Disclaimer: Head for Points is a journalistic website. Nothing here should be construed as financial advice, and it is your own responsibility to ensure that any product is right for your circumstances. Recommendations are based primarily on the ability to earn miles and points. The site discusses products offered by lenders but is not a lender itself. Robert Burgess, trading as Head for Points, is regulated and authorised by the Financial Conduct Authority to act as an independent credit broker.

Comments (24)

  • Jimbo says:

    Is The American Express Rewards credit card a good card to jump to if I’m cancelling my BA Amex Premium to save and use my 1-2-1 voucher ?

    • Ben says:

      As long as the card paying for the flights is an Amex in some shape or form, you can also use your BA Companion voucher that you acquired via the BA or BAPP card.

    • Rob says:

      No. You should qualify for Amex Plat bonus so that and if necessary drop down to ARCC after a couple of months.

  • Matt says:

    Since the Amex 2 year rule and the loss of Creation IHG black card, I’ve gone with Amex ARCC as my primary card and the free Barclays avios card as my backup (and HSBC global money for foreign spend). It earns me points (minus foreign spend), no card fees and is no effort. I used to do the whole Amex churning approach, but I just don’t think it’s worth it since the 2 year rule change. Also the potential Amex pro-rata fee removal is a concern too.

    I’m open ears to better strategies though? I used to put the leg work in so not averse to some effort. However I’m not interested in earning companion vouchers as I don’t like flying BA anymore.

    Thanks all. Appreciate your input.

    • Rob says:

      You can still get a BAPP bonus every 2 years – little effort needed. Those Avios will always find a use.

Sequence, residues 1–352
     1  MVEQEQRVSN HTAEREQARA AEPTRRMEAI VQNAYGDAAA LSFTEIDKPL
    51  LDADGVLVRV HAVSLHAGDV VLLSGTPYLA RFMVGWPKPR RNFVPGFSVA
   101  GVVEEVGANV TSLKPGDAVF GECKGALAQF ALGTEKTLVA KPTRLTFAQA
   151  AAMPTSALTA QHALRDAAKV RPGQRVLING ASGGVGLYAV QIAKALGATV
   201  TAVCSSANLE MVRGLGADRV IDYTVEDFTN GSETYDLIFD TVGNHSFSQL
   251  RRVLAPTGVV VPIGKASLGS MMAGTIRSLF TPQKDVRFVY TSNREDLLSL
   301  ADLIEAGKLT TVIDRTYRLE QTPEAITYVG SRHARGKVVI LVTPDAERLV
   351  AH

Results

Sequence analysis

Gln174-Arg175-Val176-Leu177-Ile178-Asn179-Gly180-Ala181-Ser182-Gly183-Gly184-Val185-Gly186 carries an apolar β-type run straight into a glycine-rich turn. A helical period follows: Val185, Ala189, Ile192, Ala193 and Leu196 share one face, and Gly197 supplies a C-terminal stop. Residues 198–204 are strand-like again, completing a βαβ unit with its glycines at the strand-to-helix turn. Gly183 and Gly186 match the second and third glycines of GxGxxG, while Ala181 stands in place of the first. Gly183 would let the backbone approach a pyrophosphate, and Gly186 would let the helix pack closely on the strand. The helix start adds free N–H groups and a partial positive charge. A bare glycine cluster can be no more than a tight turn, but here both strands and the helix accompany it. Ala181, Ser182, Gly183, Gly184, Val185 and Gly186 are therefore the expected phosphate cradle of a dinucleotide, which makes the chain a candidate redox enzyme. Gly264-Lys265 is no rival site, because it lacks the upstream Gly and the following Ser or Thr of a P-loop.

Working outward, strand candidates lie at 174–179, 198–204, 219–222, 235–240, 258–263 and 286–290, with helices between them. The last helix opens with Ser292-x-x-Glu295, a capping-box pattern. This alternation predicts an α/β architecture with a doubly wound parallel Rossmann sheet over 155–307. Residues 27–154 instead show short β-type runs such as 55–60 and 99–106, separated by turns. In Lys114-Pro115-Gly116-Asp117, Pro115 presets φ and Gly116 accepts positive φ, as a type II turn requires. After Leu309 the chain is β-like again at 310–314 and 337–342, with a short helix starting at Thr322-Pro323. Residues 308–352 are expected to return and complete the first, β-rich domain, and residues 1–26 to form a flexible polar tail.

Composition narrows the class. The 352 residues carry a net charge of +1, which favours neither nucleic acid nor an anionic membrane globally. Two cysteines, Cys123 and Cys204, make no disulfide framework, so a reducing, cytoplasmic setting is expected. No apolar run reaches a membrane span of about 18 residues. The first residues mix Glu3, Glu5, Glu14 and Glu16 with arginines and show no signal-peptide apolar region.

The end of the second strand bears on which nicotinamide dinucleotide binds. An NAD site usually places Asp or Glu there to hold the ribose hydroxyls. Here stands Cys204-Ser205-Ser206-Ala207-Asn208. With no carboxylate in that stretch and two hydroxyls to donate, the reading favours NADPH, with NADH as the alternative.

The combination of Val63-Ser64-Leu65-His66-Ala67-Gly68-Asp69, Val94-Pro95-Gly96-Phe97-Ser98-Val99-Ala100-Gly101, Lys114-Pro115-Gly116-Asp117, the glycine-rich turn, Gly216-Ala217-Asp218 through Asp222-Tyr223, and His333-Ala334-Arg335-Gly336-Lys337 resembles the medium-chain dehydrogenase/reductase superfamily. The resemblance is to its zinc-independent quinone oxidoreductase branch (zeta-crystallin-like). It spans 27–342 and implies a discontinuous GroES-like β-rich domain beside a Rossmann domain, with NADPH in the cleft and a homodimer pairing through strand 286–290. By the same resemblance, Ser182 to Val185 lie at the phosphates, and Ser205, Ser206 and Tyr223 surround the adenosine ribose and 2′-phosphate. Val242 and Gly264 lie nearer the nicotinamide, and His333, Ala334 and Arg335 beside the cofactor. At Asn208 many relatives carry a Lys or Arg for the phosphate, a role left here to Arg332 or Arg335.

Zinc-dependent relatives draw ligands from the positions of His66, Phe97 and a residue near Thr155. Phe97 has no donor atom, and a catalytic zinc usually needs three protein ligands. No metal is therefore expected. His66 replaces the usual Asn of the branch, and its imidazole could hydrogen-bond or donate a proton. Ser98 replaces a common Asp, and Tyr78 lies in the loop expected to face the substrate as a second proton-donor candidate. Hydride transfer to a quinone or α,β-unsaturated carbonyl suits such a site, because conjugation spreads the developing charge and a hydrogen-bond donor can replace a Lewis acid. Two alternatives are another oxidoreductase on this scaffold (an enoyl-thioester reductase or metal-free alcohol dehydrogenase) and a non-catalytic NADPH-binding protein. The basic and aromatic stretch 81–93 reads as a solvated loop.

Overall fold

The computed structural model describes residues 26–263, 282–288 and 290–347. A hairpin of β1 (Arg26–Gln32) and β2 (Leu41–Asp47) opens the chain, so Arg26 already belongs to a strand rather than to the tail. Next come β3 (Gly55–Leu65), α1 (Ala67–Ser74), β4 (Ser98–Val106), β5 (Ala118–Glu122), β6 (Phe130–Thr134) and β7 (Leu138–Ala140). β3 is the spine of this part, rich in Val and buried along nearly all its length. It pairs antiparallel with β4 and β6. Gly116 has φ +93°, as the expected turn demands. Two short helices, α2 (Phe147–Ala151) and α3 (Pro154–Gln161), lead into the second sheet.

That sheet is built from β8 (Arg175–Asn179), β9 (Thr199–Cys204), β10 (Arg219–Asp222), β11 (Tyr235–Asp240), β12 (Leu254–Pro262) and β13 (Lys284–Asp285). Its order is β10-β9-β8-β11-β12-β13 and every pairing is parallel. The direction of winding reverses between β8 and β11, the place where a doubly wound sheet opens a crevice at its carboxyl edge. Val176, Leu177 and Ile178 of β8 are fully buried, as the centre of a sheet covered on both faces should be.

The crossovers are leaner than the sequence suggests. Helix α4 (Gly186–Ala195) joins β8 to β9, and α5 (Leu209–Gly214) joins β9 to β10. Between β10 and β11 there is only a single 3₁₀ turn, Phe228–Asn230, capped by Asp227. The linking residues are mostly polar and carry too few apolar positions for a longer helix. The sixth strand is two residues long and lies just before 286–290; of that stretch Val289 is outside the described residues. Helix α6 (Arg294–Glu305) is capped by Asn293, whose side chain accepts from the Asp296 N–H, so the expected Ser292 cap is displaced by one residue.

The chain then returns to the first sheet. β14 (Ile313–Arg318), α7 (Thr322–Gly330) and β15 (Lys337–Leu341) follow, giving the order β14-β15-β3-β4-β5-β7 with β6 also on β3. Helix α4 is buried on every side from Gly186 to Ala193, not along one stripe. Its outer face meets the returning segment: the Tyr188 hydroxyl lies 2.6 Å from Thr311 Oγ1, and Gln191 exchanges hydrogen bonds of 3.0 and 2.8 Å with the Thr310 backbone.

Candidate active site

• Matt says:

        Ah good point. I think I’m well past 2 years since having a BA card. I forgot that makes me eligible for the BAPP bonus. Yes I will add that option to the mix. If two of us do that when there’s an enhanced BAPP bonus, then we’ll be up to enough avios for Qatar J to Asia in no time. Thanks Rob.

    • TGLoyalty says:

      Doesn’t this card mean you can’t get the Platinum bonus? Wouldn’t holding the Nectar card have been better?

      • Matt says:

        Thanks. I’ll take a look at nectar. On the face of it, 2 nectar points per £ is worse earning rate than ARCC? My intended use for the points is avios for Qatar J redemptions. I know you’ve got to way that up with the Plat bonus so the maths probably does work in favour of what you suggest (assume I’d need to be spending way more than I do for the better earning rate to outweigh the Plat bonuses). I’ll take a look! Thanks.

        • CJD says:

          Nectar has a better earning rate if you’re going for Avios, unless my maths is wrong?

          £200 spent on ARCC=200 Membership Reward Points=200 Avios